In the future, international friendlies will be a thing of the past. The 54 members of UEFA this morning unanimously ratified the proposed Nations League, which will come into effect from 2018 onwards.
The aim of the competition, according to UEFA’s website, will be “to improve the quality and standard of international football.” UEFA admits in its statement that the exact format of the Nations League is yet to be determined, but “the concept is for the 54 teams to be divided into four large groups according to co-efficient rankings.”
When news of this possible development broke earlier in the week, it was easy to dismiss it as a PR move to make international friendlies more appealing. However it has emerged that the Nations League will be linked to the Euro Qualifiers, with extra places in the European Championships at stake.
In some respects this is a welcome move. Weaker countries will get extra opportunities to qualify for the European Championships. Anything that adds some spice to international friendlies can only be good for supporters, particularly Irish ones. If it wasn’t for the appointment of Martin O’Neill and Roy Keane last autumn, the Aviva Stadium would have been harder to fill for games against Latvia and Poland.
However is there really a need to throw another competition into the mix? The Nations League runs the risk of becoming the Europa League of international football; important to the smaller sides but treated with contempt by the top teams. Furthermore, if it is important to the weaker nations, does that allow less room for them to blood new talent? International friendlies, while often tedious, have always been the stepping stone for younger players between club football and the higher intensity of competitive international fixtures. If the Nations League threatens teams with relegation should they lose, will they be reluctant to field inexperienced players?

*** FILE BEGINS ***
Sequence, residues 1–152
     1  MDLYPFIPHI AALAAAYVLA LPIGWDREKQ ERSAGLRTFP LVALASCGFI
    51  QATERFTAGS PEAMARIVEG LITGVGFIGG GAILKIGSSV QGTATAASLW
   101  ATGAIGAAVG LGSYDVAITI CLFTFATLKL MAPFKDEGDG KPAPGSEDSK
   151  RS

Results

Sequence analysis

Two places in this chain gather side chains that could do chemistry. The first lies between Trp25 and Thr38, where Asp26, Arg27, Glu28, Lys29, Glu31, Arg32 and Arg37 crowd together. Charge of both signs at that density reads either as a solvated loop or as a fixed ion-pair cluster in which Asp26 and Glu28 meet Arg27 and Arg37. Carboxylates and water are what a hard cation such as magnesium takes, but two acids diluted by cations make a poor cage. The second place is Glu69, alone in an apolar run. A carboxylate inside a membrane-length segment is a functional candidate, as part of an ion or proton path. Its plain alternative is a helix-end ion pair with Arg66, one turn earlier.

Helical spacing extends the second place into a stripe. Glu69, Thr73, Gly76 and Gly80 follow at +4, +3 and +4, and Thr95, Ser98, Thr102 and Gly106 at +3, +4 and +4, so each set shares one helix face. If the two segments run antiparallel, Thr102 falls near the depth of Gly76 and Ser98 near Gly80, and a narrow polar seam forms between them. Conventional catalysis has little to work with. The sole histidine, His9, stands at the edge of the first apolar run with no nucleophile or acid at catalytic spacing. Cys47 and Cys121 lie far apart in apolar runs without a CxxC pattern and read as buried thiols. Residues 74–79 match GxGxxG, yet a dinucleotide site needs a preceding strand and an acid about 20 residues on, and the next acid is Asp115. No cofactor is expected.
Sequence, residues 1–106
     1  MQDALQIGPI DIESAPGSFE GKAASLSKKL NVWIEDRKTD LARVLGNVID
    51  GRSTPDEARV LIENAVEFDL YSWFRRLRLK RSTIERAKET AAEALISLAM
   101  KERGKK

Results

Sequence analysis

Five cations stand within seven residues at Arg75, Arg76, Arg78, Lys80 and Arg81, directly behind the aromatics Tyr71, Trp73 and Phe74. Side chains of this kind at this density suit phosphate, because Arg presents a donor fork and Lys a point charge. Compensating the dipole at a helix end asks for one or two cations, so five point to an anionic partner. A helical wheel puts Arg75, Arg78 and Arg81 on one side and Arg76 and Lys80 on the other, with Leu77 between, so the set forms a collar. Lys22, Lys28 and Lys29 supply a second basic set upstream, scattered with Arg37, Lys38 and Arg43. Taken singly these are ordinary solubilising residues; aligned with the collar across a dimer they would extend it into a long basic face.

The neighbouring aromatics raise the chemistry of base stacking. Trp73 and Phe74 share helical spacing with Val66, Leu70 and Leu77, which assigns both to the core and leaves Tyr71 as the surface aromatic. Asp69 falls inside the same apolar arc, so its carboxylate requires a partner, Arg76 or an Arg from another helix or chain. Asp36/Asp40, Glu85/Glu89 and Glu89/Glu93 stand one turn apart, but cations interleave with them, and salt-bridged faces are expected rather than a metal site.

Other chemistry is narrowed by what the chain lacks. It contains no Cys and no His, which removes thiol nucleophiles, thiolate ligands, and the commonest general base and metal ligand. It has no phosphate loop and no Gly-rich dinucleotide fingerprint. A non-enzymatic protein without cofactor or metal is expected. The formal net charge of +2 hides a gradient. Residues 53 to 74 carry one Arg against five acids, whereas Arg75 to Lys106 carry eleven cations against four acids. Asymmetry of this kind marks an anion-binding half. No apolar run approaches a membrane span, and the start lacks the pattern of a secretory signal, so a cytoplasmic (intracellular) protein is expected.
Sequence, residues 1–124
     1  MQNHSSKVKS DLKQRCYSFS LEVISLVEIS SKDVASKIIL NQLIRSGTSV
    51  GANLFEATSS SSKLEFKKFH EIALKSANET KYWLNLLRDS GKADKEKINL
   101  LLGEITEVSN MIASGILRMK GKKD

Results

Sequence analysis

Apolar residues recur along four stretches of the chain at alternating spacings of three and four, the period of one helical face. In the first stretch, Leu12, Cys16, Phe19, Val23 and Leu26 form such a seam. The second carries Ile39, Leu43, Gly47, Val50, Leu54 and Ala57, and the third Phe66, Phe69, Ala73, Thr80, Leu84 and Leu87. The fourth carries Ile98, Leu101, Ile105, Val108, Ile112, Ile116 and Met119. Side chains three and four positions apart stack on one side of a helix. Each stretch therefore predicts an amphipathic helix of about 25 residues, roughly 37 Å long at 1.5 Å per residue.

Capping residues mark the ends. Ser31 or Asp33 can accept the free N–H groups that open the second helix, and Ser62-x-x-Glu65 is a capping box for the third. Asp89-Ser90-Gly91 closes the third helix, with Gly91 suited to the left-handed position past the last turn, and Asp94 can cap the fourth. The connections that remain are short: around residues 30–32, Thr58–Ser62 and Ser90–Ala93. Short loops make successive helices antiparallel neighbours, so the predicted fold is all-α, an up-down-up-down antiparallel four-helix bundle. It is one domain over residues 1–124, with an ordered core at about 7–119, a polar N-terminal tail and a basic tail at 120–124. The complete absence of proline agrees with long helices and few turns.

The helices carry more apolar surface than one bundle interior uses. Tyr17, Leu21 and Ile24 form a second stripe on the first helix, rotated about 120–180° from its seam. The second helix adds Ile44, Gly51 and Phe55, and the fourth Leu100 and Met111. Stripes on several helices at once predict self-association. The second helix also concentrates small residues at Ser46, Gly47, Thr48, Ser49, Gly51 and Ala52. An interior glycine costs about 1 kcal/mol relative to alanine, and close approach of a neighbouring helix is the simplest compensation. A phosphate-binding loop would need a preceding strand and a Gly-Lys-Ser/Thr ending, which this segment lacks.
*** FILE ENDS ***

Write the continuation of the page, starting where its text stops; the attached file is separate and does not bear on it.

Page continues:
In any case, with the expansion of the European Championships to 24 teams taking place, surely the current qualification route would have been enough of an opportunity for the weaker teams to stake their claim. Traditionally the group stages of the Euros have been more exciting than those in the World Cup due to fact that there were only 16 teams of a decent quality involved. Raising the quota to 24 teams has already given the third-best side in a qualification group the opportunity to progress to the flagship tournament via the play-offs.
UEFA run the risk of not only diluting the quality of the championship itself but also of the qualifiers. If a team is doing well in the Nations League, will they focus more on achieving their qualifying objective in that manner than in the qualifiers?
These are all questions which cannot be definitively answered until the inaugural Nations League in 2018. The tournament could be a success, or it could be just another ridiculous idea like those linesmen behind the goals who don’t actually do anything.